Rep. Camille Lilly, who authored the bill, says her legislation will lead to more safety, convenience, and jobs.
In one week alone, newly legal dispensaries made $11 million in sales.
"As a matter of public policy, this system is clearly broken," says Comptroller Susana A. Mendoza.
Although Cannabis Consumers Who Own Firearms Are Federal Felons, Illinois Says They Can Keep Their Guns
The Illinois State Police confirms that people who try newly legal marijuana are not considered "unlawful users" of narcotics.
Our most troubled state enters 2020 having lost residents for six years in a row.
Which state do you think will be more successful at moving cannabis consumers to the legal market?
Illinois abolished the death penalty in 2011.
The case vividly illustrates how hate crime laws punish people for the views they express.
Mike Riggs talks with Illinois Policy Institute's Adam Schuster about how to fix the state's pension debt crisis.
While the president's mercy might be self-serving, it's not necessarily wrong.
Proposed federal legislation would move overstressed child protection systems in the wrong direction.
The City Wants to Evict This Family Because a House Guest Committed a Crime They Didn't Know About Somewhere Else
Under its "crime-free housing program," Granite City, Illinois, holds tenants strictly liable for illegal activity by a household member.
Thomas J. Franzen is going to prison for ordering too much medicine.
Voters will decide next year whether to impose it.
New York legislators also are taking another shot at legalization.
As a Deadline for Legalizing Marijuana in Illinois Approaches, a New Poll Finds Strong Public Support
According to the survey, three-fifth of voters think pot should be legal for recreational use.
Illinois Survey That Supposedly Shows Support for Legalizing Marijuana Is 'Dwindling' Actually Shows It Is Rising
An anti-pot group's own polling shows that support for legalization is up by 78 percent since November 2017.
Why did the pension board go along with the scam? Probably because its members are current officers and retirees.
The problem isn't a lack of laws, but poor implementation of those laws.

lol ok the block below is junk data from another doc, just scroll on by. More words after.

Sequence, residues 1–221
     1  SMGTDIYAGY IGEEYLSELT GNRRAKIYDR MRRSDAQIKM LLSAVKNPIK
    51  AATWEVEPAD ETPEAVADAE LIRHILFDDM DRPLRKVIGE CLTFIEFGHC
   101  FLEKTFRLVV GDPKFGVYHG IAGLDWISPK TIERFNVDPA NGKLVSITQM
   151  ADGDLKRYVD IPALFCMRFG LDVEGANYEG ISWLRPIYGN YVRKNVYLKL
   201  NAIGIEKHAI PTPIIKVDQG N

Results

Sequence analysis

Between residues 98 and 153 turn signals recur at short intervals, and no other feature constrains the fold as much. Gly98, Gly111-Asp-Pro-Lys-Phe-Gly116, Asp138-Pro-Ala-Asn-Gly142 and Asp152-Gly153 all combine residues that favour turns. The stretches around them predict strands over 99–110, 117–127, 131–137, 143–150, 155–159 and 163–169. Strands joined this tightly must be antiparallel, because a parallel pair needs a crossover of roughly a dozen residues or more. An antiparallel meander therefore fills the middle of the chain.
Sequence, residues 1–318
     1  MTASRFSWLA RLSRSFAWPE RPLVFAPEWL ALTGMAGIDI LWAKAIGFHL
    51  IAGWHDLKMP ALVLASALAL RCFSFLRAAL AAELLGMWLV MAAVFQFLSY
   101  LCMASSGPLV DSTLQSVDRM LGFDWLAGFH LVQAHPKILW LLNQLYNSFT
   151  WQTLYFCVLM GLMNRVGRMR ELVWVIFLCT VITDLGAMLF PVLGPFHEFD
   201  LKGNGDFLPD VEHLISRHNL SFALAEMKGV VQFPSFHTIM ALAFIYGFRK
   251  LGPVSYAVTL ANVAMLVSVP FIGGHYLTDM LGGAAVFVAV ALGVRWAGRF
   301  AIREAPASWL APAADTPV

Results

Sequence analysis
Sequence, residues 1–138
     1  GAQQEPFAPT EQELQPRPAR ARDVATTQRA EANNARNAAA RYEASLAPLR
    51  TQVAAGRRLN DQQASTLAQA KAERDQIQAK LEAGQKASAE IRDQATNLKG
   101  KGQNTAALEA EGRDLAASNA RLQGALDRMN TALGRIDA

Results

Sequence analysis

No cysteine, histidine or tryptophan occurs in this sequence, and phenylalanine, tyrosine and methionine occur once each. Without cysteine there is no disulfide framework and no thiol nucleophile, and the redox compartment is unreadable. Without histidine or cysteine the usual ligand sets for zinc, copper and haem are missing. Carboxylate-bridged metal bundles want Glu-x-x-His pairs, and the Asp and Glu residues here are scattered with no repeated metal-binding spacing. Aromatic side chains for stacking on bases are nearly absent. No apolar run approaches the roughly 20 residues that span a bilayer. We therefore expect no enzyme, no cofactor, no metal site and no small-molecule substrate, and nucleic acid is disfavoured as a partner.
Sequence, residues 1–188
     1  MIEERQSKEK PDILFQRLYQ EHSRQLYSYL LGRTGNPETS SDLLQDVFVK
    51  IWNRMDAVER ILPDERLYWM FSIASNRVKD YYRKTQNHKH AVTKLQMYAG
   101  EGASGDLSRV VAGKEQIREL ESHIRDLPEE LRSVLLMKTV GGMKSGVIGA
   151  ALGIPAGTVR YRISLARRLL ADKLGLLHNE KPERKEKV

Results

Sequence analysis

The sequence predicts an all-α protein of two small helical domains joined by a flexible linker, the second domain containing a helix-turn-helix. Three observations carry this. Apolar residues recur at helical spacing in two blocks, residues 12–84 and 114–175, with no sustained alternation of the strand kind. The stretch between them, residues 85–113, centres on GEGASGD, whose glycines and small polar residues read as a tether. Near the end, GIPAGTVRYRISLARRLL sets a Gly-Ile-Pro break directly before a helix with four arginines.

Plus: Nancy Pelosi on the "Green New Deal"; John Boehner, cannabis lobbyist
Dashcam footage shows officers kneeing, tackling, and punching Lawrence Crosby while shouting, "Stop resisting."
Malthusian predictions of global famines keep receding.
Meanwhile, meet a psychologically scarred man who disfigured himself while serving 22 years in solitary in Illinois.
Skyrocketing debt and pension obligations make for a tough labor environment.
Rahm Emanuel wants pot legalization and a casino so the city can grab more taxes for its pension debts.
This Sixth-Grader's Breast Cancer Awareness Shirt Clearly Isn't 'Offensive.' So Why Did the School Make Him Cover It Up?
Blake Coil is trying to support his grandmother's cancer battle. The school doesn't like that his shirt says "tata."
When Tessah Mitchell attempted to register her children for day care, a crime from 18 years ago caught up with her.
Will Cronyism Doom Scott Walker's Re-election? Here's What to Watch in Next Week's Gubernatorial Races.
Two other Republican incumbents in the Midwest could also be in trouble. And Stacey Abrams could become America's first black female governor.
Father David Boase was led to believe that he was eligible to vote. His mistake caught up with him 12 years later.
Interestingly enough, State Rep. Nick Sauer cosponsored an an ethics and sexual harassment bill during his short two years in office.
He isn't the first president to do something like this. But it would be nice if he'd be the last.
That's what Illinois prosecutors are trying to do by charging Timothy Trybus with hate crimes for objecting to a woman's Puerto Rican flag shirt.
Union-backed report finds unions could be screwed.
Behold, the worst argument against legalizing marijuana.
Rahm Emanuel wants to do the thing that critics of drone surveillance fear most.
A plain reading of the text suggests that Deerfield's new law covers all semi-automatic rifles that can hold more than 10 rounds.
Deerfield would fine residents up to $1,000 for owning one of a dizzying array of firearms.
Illinois Woman Sues Public Housing Authority That Says She Can't Have a Gun to Protect Herself from an Abusive Ex-Husband
Can public housing authorities strip you of your Second Amendment rights?
Friday A/V Club: Before there was Arthur Jones, there was Mark Fairchild.